There's proposed legislation in the state of Georgia that would effectively stop cities and counties from providing fast internet connections, the way they provide sewer service or other utilities. If even one household already has a broadband connection in a local area, then the municipality would be prevented from building its own system.
The fight is not just in Georgia, it's nationwide. After the telephone and cable companies declined to build a fast fiber optic network in Lafayette, Louisiana, the city built its own. That's at least one victory for municipalities, but Internet companies have been fighting these public broadband networks and have won outright bans in some states.
Across the Atlantic in rural Britain, residents of the village Arkholme in Northern Lancashire were told it would be too expensive to bring high-speed internet to the community. So, they're building a fiber optic network by themselves. It's called "Broadband for the Rural North", known by the acronym BARN.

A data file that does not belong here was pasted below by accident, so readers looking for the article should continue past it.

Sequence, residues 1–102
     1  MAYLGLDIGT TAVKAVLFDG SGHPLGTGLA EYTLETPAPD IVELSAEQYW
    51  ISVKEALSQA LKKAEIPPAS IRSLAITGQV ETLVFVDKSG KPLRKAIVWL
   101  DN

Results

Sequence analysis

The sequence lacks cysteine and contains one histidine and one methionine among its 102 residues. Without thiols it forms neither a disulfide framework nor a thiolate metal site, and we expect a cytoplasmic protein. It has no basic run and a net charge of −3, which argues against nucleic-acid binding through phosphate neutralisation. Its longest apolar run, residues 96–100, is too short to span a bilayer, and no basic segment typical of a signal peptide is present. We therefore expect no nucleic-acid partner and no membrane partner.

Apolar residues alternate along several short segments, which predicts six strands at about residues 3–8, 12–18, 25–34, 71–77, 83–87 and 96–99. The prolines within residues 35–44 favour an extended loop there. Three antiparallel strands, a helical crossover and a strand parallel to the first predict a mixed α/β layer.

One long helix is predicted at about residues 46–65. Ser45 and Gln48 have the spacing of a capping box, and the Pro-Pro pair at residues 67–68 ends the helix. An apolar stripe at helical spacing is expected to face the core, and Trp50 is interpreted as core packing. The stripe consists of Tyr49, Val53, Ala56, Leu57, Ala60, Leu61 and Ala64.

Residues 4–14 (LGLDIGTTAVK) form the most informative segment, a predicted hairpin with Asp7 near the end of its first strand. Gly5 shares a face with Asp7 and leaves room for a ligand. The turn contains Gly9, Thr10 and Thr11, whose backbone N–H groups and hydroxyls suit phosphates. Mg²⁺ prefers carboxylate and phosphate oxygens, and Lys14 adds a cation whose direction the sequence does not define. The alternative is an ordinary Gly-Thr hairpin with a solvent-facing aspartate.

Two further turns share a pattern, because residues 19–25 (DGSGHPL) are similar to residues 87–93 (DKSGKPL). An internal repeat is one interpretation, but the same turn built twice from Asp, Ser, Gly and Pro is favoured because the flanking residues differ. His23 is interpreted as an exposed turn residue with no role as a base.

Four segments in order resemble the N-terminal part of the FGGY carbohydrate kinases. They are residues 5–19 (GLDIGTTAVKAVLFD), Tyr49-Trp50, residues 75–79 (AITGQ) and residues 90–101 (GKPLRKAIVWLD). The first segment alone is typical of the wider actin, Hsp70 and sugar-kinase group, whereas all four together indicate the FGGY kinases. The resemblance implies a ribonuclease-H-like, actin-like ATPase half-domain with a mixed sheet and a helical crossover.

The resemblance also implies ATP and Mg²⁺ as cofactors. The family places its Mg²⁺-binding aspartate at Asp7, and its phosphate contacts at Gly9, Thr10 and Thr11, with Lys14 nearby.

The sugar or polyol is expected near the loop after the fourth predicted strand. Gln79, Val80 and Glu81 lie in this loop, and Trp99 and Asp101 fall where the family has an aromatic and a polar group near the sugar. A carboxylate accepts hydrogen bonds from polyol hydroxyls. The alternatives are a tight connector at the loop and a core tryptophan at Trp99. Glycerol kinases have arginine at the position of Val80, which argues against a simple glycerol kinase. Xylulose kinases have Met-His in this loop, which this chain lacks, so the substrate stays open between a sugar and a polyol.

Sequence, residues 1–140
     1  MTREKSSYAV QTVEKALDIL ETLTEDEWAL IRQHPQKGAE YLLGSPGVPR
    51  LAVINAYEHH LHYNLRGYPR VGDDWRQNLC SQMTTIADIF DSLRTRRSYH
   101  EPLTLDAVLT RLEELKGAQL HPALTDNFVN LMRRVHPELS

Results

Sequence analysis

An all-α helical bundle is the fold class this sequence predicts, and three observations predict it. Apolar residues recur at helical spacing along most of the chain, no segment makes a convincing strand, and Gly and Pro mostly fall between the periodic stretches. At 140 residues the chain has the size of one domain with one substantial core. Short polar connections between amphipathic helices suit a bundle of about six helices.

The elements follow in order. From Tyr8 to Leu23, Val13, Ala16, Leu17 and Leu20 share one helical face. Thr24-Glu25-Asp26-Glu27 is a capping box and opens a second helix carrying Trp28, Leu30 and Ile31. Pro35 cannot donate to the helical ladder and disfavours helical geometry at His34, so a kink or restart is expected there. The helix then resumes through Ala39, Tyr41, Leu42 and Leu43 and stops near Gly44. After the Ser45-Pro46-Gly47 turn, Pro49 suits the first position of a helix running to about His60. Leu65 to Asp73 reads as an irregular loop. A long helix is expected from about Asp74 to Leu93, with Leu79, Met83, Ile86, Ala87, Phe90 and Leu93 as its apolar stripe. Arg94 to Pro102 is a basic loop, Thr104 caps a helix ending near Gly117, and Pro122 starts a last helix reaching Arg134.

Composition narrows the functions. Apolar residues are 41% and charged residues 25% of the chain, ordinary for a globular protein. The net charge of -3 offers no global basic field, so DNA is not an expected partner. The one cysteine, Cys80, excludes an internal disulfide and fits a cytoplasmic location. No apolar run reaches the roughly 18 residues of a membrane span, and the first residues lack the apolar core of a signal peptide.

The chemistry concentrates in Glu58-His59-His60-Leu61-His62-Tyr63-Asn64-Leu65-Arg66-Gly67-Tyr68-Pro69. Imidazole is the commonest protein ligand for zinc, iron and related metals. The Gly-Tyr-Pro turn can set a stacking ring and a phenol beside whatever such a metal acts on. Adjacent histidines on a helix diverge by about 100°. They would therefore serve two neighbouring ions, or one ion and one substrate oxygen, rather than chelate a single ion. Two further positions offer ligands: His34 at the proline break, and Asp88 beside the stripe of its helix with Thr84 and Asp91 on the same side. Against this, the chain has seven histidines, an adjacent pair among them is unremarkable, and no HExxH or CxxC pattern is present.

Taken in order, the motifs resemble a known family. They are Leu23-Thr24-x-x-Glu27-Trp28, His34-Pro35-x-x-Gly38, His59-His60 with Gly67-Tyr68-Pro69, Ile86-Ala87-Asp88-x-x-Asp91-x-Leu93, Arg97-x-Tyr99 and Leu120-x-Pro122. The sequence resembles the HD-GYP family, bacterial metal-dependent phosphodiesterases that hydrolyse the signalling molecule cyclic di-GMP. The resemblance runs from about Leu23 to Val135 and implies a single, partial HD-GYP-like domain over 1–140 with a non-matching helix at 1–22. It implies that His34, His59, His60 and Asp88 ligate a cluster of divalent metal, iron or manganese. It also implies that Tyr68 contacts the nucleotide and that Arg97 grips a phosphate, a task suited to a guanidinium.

Drawing on some local tech expertise, residents got training in how to do it. Retired art teacher Harry Ball is now hooked up to an internet connection fast enough to watch movies on.
"Because it's so sparsely populated, nobody wanted to give us a decent broadband, and why would they? There's no money in it for them," says Ball. "A lot of local people decided if we wanted it, we were going to have to get it ourselves."
The project gives new meaning to the do-it-yourself trend. Area residents teamed up to dig trenches, lay their own fiber optic cables and connect each and every household.
"It's been a wonderful community experience because people have really, really come together," says Ball.
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